That's my main problem with actually having a Purge in real life: the motivations of people, who participate in The Purge. Who's to say people won't just abuse the privilege? Who's to say everything will stop once the twelve hour time period ends? If you're willing to participate in something, where you can openly and willingly kill people, you obviously have some lose screws. I have a hard time believing some people will just stop, when law enforcement blows the whistle, and hordes of people might try to kill, or shoot it out with the cops or paramedics. And of course, if a whole new wave of criminals pop up, then we'll have more overcrowding problems in US prions (something the plot synopsis alludes to, if I'm not mistaken).

    Hide, and only kill in self-defense, or to protect my loved ones from the other lunatics. The only way I could see myself actually participating in The Purge is if by some bizarre series of events, I'm out in the open with no other choices to defend myself until the twelve hour time period expires.

    Again, I have a hard time believing Purge participants will kill for the good of mankind in a "cleansing" (i.e. murdering homeless people, junkies, etc.). The prep kids in the movie wanted to kill the homeless man, because they thought he and others like him were "pigs." The prep kids had a snobbish superiority complex, they weren't killing for the greater good of mankind.

    And people just killing to fulfill their own selfish desires is another massive problem. Remember the guy on the radio? He was a disgruntled employee, bragging about killing his boss. How is he or anyone like him helping society?

    I alluded to jealously for killing earlier with the spoiler, and that's another moral conflict to consider. Say if someone wants to kill you because you drive a better car, live in a bigger house, make more money, or have a drop dead gorgeous, perfect ten girlfriend or wife? Millions of Americans will eventually abuse The Purge privilege, and in the end, if the government were to allow something like this to happen, you could wind up breeding a whole new wave of bloodthirsty murderers, rapists, and other types of criminals. In the end, we would a have a bigger problem than we started out with in the beginning.
     
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  5. LoudClearVoice

    LoudClearVoice Mid-Card Championship Winner

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    I don't believe it would work at all. In fact, I think it would make matters worse.

    Many criminals get a "charge" or get excited from the adrenaline rush of committing a crime (killing, stealing, whatever). If people that wouldn't normally committ crimes suddenly felt that adrenaline rush during the purge, who's to say that they wouldn't do it the other 364.5 days?

    What about people like serial killers that are addicted to killing? 12 hours of knowing they can't get in trouble for killing, isn't going to make them any less "addicted" to killing.

    There are plenty of other ways for people to vent their frustrations other than committing crimes. When people commit crimes, it is for a variety of reasons but not just because they have pent up anger or something like that. Usually it's socioeconomic status (which isn't going to change in 12 hours), how they were raised, family problems, etc. The Purge is missing the point, although it's an interesting idea. MOST people don't go out committing crimes because it's illegal, they're doing it for other reasons. So legalizing crime for a short period of time wouldn't help the root of the problems.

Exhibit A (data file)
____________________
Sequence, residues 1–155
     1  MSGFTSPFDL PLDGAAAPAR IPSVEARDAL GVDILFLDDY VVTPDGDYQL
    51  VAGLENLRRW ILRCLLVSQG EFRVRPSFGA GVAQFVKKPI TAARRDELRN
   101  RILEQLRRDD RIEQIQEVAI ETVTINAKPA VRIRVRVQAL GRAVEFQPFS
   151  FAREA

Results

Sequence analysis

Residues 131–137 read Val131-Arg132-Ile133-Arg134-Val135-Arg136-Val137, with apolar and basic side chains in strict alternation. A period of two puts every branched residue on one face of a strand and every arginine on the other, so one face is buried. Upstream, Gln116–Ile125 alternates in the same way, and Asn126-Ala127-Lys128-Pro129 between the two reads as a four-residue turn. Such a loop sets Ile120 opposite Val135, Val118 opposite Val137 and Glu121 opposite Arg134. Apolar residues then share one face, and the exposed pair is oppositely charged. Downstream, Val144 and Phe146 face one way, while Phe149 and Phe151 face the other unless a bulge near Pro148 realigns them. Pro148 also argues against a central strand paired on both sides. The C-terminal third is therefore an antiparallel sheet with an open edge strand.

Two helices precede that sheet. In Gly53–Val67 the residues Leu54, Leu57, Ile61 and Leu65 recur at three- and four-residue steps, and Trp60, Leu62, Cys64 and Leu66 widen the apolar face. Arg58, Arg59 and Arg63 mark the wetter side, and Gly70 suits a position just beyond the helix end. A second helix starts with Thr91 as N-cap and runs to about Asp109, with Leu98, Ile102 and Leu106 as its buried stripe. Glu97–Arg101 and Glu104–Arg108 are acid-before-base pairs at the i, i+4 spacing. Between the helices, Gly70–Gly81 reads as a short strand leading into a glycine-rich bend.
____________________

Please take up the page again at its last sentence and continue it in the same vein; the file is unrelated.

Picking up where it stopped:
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  6. LSN80

    LSN80 King Of The Ring

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    All good responses thusfar, and for that, I'm appreciative. But I feel either I wasn't clear enough in the "Us or Them" question, or perhaps, I should have labeled it "Us or Him?"

    Here's the thing: In the movie, the family allows a stranger into their home, and people after him soon follow. The proposition is a simple one: Hand him over, and you, your wife, and two children are left alone. Don't, and within the hour, we'll be back with equipment to destroy your state-of the-art security system, and not only will we get him, we'll get you and your family as well.

    What would you do? Hand the man over and be "safe"(hopefully), or do the moral thing and send an innocent man to his death?

    I've already stated it, and it pains me to do so, but I'd hand him over and pray to God they left it at that, and for his forgiveness. I'm decent with a gun, own one, and shoot weekly, but would I have a shot against a horde of 5 or 6? Doubtful. So I'd protect my family in the way I thought best, which is to hand the man over, and go to therapy 3 or 4 times a week for the rest of my life for doing so.

    These are things I didn't even consider, and I saw the movie and the spoiler you posted was a nice refresher. And that wasn't even some idealistic society, you had a radio employee who was going to kill his boss for just being cruel to him! Want a time to see the Ten Commandments violated? Here you go. Don't covet your neighbors wife? Kill the husband masked, and hope to woo her later. Don't covet your neighbors possessions? Kill them and take them for yourself. I could go on, but you get the picture. The idea behind the creation of the Purge was one thing, a sick one nonetheless, but the reasoning was one of idealism.